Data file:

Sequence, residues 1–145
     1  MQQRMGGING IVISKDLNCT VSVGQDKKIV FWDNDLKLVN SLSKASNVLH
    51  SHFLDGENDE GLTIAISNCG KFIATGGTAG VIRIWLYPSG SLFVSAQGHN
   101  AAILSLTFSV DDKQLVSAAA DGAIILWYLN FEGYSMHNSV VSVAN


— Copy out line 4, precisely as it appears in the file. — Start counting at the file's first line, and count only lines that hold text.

   101  AAILSLTFSV DDKQLVSAAA DGAIILWYLN FEGYSMHNSV VSVAN